In 1960, Robinson and his vocal group, The Miracles, became Motown’s first crossover chart success with the #2 hit, “Shop Around.” They scored big again in 1962 with “You Really Got a Hold On Me,” as did The Contours with the timeless “Do You Love Me” and The Marvelettes with Motown’s first chart topper, “Please Mr. Postman.” Playing the instrumental foundation on these records? The Funk Brothers, of course.
From 1964 to 1969, Motown ruled the airwaves as The Supremes, The Temptations, The Four Tops, Marvin Gaye, Stevie Wonder, Smokey and The Miracles, Mary Wells, Martha and The Vandellas, The Contours, Kim Weston, Junior Walker and The All-Stars, Gladys Knight and The Pips and Brenda Holloway took turns dominating the pop charts with records that are all still enormously popular 50 years later. Accompanying them on every one of their records was one combination or another of The Funk Brothers.
By the late ’60s, the psychedelic soul of Jimi Hendrix and Sly and the Family Stone made its mark, and Motown took notice. Producers like Norman Whitfield lobbied to bring in additional guitarists like Dennis Coffey to perform the wah-wah on tracks like The Temptations’ “Cloud Nine.”
But no musician credits were ever listed on Motown releases, at least not until Gaye insisted on it on his trailblazing 1970 LP, “What’s Going On.” From then on, The Funk Brothers’ individual names started appearing in the liner notes.
The Funk Brothers often moonlighted on the sly for other labels, recording in Detroit and elsewhere, in bids to augment their Motown salaries. It became a worst-kept secret that Jackie Wilson’s 1967 hit “(Your Love Keeps Lifting Me) Higher and Higher” did not have a Motown influence by accident; the Funk Brothers migrated to do the Wilson session. Various Funk Brothers also appeared on such non-Motown hits as “Cool Jerk” by the Capitols), “Agent Double-O Soul” by Edwin Starr, “(I Just Wanna) Testify” by the Parliaments, “Band Of Gold” by Freda Payne and “Give Me Just A Little More Time” by Chairmen of the Board.
“They were just really, really good jazz musicians,” noted Don Was, bass player and influential producer in the ’80s and ’90s. “They could swing like crazy, and that’s not something that’s always present in pop music. When there’s a groove like that, the subliminal effects, everybody just feels good.”
“No disrespect to any of the great artists who sang on them, but truthfully, anybody could’ve sung on them,” claimed producer/drummer Steve Jordan, “because the
instrumental tracks underneath were just so incredible. They were musical entities unto themselves.”
Many observers singled out Jamerson for his bass playing. “He represented the height of creative freedom and experimentation on bass,” said multi-instrumentalist and singer/songwriter Ben Harper. “West Coast, East Coast, any coast you name, the man absolutely changed the course of the bass, not just holding down a steady bottom, but adding countermelody and riffs. No one else knew, but savvy musicians knew. Paul McCartney kept asking Beatles producer George Martin, ‘I want my bass lines to sound like the ones we hear on the Motown tracks.'”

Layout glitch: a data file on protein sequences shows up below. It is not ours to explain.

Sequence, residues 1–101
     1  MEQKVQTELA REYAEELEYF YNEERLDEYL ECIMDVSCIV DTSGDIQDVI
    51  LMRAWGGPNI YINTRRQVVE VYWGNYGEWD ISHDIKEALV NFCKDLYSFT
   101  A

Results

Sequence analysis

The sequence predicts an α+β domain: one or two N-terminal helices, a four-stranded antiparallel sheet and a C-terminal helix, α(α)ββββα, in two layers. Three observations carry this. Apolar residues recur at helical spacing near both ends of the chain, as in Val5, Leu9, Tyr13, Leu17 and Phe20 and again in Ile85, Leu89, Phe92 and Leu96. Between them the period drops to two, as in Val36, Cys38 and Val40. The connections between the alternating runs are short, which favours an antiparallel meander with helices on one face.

It’s almost criminal that it wasn’t until decades later that these guys received any kind of industry recognition. Jamerson was posthumously inducted into the Rock and Roll Hall of Fame in Cleveland in 2000, and Benjamin in 2003. The Funk Brothers received a collective Lifetime Achievement Award at the 2004 Grammys and were inducted into the Musicians Hall of Fame in Nashville in 2007. A star on the Hollywood Walk of Fame was instilled in 2013.
Martha Reeves recalled a session that was hastily called together, and a few faces were missing. “Where’s James? He’s out of town? Call the other guy. Get ’em in here. Ain’t no one recording nothing without The Funk Brothers!”
Drummer Asher said, “For years and years, players and producers tried to find that magic Motown sound, as if it was some sort of a formula or something. It wasn’t the artist, or the producers, or the way the building was constructed, the covering on the walls, the wood on the floor. It was the musicians, plain and simple. Without them, you’re nowhere. As Marvin sang, ain’t nothing like the real thing, baby.”
Claims Paul Riser, Motown arranger/producer, “Without The Funk Brothers, there really wouldn’t be a Motown. They were the sound, the essence of Motown.”
Shall we recap? Here it is, a comprehensive but incomplete list of classic songs on which The Funk Brothers played their anonymous (until now) role:
“Stop! In the Name of Love,” “Do You Love Me,” “The Tracks of My Tears,” “Ooh Baby Baby,” “My Cherie Amour,” “Can I Get a Witness,” “I Can’t Get Next to You,” “Reach Out I’ll Be There,” “My World is Empty Without You,” “I Was Made to Love Her,” “My Girl,” “Shotgun,” “Mercy Mercy Me,” “Hitch Hike,” “Cloud Nine,” “Dancing in the Street,” “You Keep Me Hangin’ On,” “I Heard It Through the Grapevine,” “Ain’t Too Proud to Beg,” “Don’t Mess With Bill,” “Ain’t That Peculiar,” “My Guy,” “Get Ready,” “Baby Love,” “Signed, Sealed, Delivered,” “(I Know) I’m Losing You,” “Baby I Need Your Loving,” “Nowhere to Run,” “Love Child,” “Ain’t No Mountain High Enough,” “You Can’t Hurry Love,” “Uptight (Everything’s All Right),” “What Becomes of the Broken Hearted,” “It Takes Two,” “I Hear a Symphony,” “Bernadette,” “Going to A Go-Go,” “I Wish It Would Rain,” “(Love is Like a) Heat Wave,” “Tears of a Clown,” “Papa Was a Rolling Stone,” “Someday We’ll Be Together,” “What Does It Take (To Win Your Love),” “This Old Heart of Mine,” “Standing in the Shadows of Love,” “Where Did Our Love Go,” “How Sweet It Is (To Be Loved by You),” “Roadrunner,” “Reflections,” “Just My Imagination,” “Pride and Joy,” “The Way You Do the Things You Do,” “I Can’t Help Myself,” “Ain’t Nothing Like the Real Thing,” “I Second That Emotion,” “For Once In My Life.”
Good Lord, can I hear an “amen” for the wondrous talent of The Funk Brothers??!!